COME FLY WITH ME
I quit my job to travel the world
KAILEY WILLETTS TELLS DIVA WHY SHE LOVES WORKING AT 36,000 FEET
Six months ago, 24-year- old Kailey Willetts was on Facebook when a pop-up job ad for BA appeared. She sent off an application, packed in her job working backstage in theatre, and embarked on a brand new adventure at 36,000 feet. We brought her back down to earth to tell us more.
DIVA: Describe an average day in five words.
KAILEY WILLETTS: Sleep, eat, fly, eat, sleep... That sounds a lot more boring than it is!
What’s the best thing about your job?
Seeing the world and meeting new people. Going to places I’d never normally choose and falling in love with them.
What’s the worst thing about your job?
The lack of sleep and being away from the wife and puppy. But distance makes the heart grow fonder, and all that jazz.
Has your sexuality or gender identity ever been an issue?
BA is a company which is very diverse with a large number of LGBT employees. If anything, it’s more welcoming and makes me feel at ease.
Did you ever have any doubts about being out at work?
I have to come out every single time I get to work. We fly with a different crew each flight so that’s a whole new group of people you have to get to know, and coming out is a big part of that. Obviously, the only other issue is going to countries where the LGBT community aren’t as welcome as they are in the UK, but it’s all about adapting.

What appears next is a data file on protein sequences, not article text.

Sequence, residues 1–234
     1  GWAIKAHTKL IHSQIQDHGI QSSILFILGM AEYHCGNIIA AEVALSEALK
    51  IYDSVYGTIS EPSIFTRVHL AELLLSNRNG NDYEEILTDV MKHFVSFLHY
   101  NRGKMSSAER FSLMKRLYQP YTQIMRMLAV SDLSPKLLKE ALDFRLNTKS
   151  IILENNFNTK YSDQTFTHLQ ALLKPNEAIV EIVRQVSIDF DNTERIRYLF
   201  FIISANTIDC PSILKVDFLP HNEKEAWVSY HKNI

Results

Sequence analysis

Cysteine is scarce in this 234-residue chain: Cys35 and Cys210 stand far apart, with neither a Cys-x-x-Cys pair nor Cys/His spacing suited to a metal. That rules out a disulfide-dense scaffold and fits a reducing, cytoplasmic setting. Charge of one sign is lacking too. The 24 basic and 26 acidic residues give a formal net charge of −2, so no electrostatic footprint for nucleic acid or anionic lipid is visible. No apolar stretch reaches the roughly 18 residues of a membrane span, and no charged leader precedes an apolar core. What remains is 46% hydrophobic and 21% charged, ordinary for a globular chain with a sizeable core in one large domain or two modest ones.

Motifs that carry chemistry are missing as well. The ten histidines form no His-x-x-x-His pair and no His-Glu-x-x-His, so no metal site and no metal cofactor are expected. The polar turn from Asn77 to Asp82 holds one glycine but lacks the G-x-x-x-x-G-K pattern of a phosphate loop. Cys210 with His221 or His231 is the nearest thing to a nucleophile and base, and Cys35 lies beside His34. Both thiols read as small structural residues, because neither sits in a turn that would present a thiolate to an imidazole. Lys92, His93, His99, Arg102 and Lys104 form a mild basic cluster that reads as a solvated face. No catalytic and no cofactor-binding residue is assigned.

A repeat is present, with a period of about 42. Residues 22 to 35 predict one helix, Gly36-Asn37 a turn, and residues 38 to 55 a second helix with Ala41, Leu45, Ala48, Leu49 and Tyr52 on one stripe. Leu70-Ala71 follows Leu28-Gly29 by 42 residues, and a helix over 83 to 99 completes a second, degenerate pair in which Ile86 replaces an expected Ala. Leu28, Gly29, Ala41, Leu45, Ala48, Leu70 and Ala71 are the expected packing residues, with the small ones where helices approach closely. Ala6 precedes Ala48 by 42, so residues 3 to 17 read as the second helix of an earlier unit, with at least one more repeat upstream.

What advice, if any, would you give to someone not out at work?
Have faith in people. The world is a lot more accepting than you would ever know.
What’s the funniest thing that’s happened to you at work?
You’d be surprised about how many proposals we get. Mainly from stag parties, but I’ll always take the compliment!
What one superpower would make your job easier?
To be able to speak every language or mind read. Maybe mind read in every language, ha!
What’s the best career advice you’ve been given?
Be happy and put yourself first. The job will be done if you’re there or not and if you’re not happy then you won’t have a passion for what you do.
How do you measure success?
Happiness. I spent a long time bringing my work home with me and it was dragging me down. Now I get up every morning and actually look forward to what I’m doing.